So now we have a nice fat literary scandal. Spiegel critic Georg Diez this week wrote about the Swiss novelist and travel writer Christian Kracht, about how his new novel Imperium "above all shows the author's vicinity to extreme right-wing ideas." The piece is not online. Then a heck of a lot of other critics reacted the next day, saying Diez had missed the irony, humour, subtlety, or whatever, and in one case suggesting Kracht attracts envy because of his wealthy background. Kracht's (and Diez's) publishers Kiepenheuer & Witsch issued a press release saying Diez had "perfidiously placed the author in the pillory" and pointing out that nobody else had found the book racist (so they obviously hadn't read the taz review then, in which Andreas Fanizadeh did in fact cautiously point out a few uncomfortable points). The publisher Helge Malchow says he's considering writing his own response in defence of Kracht in next week's Spiegel.
What exactly is going on here? First of all I have to point out I have read none of Kracht's work so I cannot judge whether Imperium does indeed harbour or promote or fail to distance itself from racist ideas. It's a highly fictionalised account of the early-twentieth-century German August Engelhardt, who moved to the colony of German-New Guinea to start a community of cocovores, radical vegetarians who existed on a diet of coconuts and inevitably got sick and died. As Diez points out, there was another, more prominent radical vegetarian in German history, to whom Kracht refers several times in the novel. In fact he also extends Engelhardt's life until after the end of WWII, Diez argues so as to enhance the parallels to Hitler. Of course, the setting of the novel means Kracht has to depict racist mindsets - and yet Diez for one is troubled by the intransparency of the narrator's standpoint. This writer, he says, has a fascination with dictatorships and evil but never quite reveals where he stands on the issue, while it occupies a growing place in his writing.
But it's on the last of the article's four pages that Diez cuts to the quick. Because here he turns to Kracht's friend David Woodard. The two of them last year published a compendium of their email correspondence, which was generally reviewed with bored shrugs. Perhaps the weight of all that communication dulled the reviewers' senses, because some of the quotes Diez obviously underlined at the time are hair-raising. The two of them admiringly bandy about names of right-wing populists and out-and-out Nazis and - this is the important bit - discuss the Paraguayan Aryan settlement Nueva Germania. You can read about Woodard's involvement in this community in a 2005 article in the San Francisco Chronicle. You can also see on this website that Woodard was working on a novel - I can only assume on the same subject - that was supposed to be published by Blumenbar Verlag in 2009. It was not. I'd be interested to find out why not.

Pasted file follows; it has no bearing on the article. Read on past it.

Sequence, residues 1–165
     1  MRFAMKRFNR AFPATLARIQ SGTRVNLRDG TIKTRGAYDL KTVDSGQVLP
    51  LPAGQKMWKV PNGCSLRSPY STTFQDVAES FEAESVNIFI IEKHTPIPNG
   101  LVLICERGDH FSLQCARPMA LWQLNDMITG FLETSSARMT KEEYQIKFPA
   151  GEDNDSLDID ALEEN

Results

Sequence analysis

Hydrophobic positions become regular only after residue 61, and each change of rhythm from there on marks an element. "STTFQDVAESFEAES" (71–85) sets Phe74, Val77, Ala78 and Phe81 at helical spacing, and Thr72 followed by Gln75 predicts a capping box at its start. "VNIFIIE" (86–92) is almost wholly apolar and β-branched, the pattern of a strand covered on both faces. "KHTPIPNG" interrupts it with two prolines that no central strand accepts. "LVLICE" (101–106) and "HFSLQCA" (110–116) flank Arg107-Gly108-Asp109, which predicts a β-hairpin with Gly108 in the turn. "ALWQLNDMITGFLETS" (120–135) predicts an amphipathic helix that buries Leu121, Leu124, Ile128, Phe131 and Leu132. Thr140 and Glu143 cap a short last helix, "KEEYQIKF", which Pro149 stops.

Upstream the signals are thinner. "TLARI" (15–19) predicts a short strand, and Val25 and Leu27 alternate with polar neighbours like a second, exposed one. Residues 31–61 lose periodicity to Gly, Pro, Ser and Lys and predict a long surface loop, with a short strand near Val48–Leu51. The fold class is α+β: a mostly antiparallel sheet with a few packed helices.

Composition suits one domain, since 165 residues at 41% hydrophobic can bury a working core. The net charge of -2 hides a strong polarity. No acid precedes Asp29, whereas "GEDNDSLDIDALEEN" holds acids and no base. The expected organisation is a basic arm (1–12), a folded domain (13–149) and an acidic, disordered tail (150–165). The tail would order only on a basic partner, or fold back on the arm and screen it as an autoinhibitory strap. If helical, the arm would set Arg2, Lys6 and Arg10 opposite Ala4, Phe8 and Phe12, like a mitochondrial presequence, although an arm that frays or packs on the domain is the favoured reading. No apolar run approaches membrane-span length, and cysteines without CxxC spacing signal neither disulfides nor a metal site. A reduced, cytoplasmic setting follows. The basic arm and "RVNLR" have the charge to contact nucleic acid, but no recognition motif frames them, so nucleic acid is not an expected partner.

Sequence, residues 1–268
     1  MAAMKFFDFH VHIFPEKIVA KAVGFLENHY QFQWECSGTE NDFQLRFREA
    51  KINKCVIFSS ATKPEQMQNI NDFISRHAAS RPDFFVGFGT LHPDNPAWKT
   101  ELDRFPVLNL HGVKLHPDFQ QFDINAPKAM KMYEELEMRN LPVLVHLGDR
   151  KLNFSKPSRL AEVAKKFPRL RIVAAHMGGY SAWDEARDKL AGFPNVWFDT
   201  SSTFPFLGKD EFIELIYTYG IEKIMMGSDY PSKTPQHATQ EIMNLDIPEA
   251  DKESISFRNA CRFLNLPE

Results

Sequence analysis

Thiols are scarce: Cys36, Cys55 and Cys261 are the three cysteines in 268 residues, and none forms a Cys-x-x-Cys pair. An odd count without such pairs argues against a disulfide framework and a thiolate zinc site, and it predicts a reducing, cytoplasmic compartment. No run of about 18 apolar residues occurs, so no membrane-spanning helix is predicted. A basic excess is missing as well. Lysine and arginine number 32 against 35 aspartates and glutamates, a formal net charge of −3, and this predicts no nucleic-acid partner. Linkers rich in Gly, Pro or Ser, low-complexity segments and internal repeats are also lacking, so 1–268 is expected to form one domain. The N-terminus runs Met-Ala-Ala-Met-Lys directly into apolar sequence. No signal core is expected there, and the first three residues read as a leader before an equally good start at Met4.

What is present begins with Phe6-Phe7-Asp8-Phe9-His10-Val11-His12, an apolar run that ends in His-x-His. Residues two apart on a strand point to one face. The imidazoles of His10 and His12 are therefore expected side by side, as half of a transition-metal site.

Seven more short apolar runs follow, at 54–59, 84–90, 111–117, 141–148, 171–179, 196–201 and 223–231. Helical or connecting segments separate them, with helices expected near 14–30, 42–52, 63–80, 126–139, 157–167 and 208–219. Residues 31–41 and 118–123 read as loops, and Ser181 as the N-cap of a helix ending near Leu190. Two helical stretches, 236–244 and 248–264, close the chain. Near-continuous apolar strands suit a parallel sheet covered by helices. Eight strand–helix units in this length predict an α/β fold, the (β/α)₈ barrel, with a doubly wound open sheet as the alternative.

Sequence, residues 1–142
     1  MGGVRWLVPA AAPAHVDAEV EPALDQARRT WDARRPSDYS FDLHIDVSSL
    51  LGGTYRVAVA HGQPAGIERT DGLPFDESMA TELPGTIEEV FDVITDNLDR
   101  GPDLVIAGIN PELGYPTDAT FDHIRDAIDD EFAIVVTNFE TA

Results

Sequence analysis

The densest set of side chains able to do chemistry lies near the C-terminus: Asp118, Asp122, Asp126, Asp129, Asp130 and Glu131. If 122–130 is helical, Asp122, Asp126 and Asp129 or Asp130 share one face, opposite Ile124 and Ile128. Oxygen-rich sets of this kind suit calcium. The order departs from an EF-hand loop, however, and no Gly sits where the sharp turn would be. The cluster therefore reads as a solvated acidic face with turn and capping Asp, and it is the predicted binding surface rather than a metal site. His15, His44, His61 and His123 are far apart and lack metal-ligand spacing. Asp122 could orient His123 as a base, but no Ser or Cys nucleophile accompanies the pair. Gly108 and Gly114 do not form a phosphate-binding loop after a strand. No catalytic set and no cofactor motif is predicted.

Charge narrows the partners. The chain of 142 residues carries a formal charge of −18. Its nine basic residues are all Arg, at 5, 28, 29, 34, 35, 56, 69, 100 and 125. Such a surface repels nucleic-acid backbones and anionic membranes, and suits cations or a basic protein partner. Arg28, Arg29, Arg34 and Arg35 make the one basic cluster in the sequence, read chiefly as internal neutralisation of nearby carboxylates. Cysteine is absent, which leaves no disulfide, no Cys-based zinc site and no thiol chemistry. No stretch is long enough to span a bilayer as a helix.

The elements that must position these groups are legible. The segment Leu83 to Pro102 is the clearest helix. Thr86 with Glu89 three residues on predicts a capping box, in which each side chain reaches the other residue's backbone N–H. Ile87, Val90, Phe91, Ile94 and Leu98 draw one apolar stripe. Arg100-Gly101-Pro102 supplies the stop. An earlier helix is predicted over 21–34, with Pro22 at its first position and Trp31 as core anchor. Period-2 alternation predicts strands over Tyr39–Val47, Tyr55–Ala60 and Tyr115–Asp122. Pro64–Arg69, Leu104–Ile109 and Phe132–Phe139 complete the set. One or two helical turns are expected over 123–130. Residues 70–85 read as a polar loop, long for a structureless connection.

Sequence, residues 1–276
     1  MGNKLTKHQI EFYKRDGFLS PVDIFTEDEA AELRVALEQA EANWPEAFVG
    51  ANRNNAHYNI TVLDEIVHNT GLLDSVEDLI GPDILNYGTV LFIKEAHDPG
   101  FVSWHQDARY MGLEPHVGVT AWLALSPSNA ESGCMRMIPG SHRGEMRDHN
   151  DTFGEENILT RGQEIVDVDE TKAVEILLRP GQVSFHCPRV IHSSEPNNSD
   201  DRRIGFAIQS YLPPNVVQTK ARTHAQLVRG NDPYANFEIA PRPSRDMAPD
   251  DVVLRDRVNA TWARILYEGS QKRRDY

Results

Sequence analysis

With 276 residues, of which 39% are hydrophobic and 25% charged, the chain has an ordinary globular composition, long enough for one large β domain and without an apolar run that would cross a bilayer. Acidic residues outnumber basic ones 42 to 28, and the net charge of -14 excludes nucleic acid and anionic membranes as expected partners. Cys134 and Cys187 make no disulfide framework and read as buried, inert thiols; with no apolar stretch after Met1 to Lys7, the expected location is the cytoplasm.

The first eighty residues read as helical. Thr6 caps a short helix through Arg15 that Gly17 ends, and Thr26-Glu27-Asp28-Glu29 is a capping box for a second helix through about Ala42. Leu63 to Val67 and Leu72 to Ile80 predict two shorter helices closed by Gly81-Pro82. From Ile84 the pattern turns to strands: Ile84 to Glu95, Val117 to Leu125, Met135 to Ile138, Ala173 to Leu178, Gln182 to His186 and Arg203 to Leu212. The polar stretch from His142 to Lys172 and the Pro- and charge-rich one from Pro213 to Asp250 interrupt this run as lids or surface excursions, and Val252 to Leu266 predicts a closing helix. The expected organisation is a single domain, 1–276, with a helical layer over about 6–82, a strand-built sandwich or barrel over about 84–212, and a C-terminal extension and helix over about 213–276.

Is it a coincidence that Kracht chose a very similar subject for Imperium? Certainly it reflects the two men's common fascination with German oddballs who set up colonies in far-flung places, only to fail. Of course Diez can't do much more than ask similar questions himself, the writing being extremely slippery. And that's one reason why I've never read Kracht's work. Incidentally, his non-fiction book The Ministry of Truth, depicting Kim Jong Il's North Korea, is available in English, published by Feral House, a US publisher with an apparent and perhaps fitting part-focus on occultism, serial killers, Nazism, "exposing Muslim fundamentalism" and dictatorships. Other authors they publish include Ted Kaczynski, a.k.a. the Unabomber. The disclaimer reads: "Feral House does not support or justify Kaczynski's crimes, nor does the
author receive royalties or compensation for this book. It is this
publisher’s mission, as well as a foundation of the First Amendment, to
allow the reader the ability to discern the value of any document."Many of the images on the publisher's website would be banned under German law.
My opinion on the whole mess? I'd like to congratulate Georg Diez for finally drawing attention to the issue. There's no denying that Christian Kracht works his fascination for what I'd call evil into his writing, through his choice of subject matter alone. Outside of his fiction, he clearly fails to distance himself from white-supremacist ideas, even publishing that failure as embodied in his correspondence with Woodard. Fiction, being fiction, doesn't have to do that. But I prefer it when it does. Whether Christian Kracht is indeed a modern-day equivalent to Ezra Pound and a "doorman for radical right-wing ideas", ushering them into the mainstream as Diez claims, is perhaps still open. Certainly, however, I don't think white supremacism is a laughing matter - and thus other critics' accusations of a lack of sense of humour on Diez's part ring rather hollow in my ears.